When the flu hits hard, we fight back with homemade, homegrown remedies. Some work well for prevention, others help recovery and some do both.
As a cold chill and powdery snow take over the farm, I turn inward and relish in the cozy joys of baking. My first projects involve sourdough starter.
Mapping areas of different use as well as various flows on your land will help you coordinate needs and resources to create connections beneficial to all.
The past two growing seasons have been big flops, but I’m aiming for a few garden wins this year—even with my little one in tow.
We’re talking about more than vegetables or livestock. What do you really want out of your farm? What are the resources and people who can help you get it?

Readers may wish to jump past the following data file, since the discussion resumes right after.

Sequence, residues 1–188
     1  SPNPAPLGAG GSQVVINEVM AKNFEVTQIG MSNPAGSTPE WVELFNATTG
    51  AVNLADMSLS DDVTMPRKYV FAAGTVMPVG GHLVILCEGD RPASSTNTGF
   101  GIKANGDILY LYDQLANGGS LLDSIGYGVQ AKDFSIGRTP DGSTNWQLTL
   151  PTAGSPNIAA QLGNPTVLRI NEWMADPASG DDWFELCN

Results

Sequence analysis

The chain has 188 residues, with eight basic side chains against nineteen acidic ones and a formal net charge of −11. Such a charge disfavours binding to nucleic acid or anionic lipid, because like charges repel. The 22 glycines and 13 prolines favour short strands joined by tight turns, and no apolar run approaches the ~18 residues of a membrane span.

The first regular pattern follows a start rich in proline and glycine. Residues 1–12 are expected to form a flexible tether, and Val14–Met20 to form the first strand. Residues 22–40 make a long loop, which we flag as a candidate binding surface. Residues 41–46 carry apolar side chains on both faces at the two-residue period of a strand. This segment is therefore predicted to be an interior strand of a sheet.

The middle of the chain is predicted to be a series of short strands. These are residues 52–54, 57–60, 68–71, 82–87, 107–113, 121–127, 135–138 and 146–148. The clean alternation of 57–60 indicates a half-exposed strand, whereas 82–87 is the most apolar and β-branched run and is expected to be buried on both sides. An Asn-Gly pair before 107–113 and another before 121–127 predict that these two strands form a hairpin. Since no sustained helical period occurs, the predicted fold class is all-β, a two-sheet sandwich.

As I prepare to dig a little deeper into life on the farm with my husband and daughter in 2018, my word of the year is “presence.”
We’re all part of the history of a farm, whether it’s established farmland with local lore or a brand-new homestead that we’ve begun ourselves.
On a trip from Kentucky to the Midwest, I learned about my own family homesteading roots as well as American traditions in farming and land stewardship.
This vegetable-farming family is producing CSA shares and restaurant deliveries on its Green Dog Farm for the community around Fort Collins, Colorado.
Dan and Kris Paape didn’t intend to start BeefnBeak Farm, but they now raise grassfed cattle and pastured poultry, and they aim to add workshops and tours.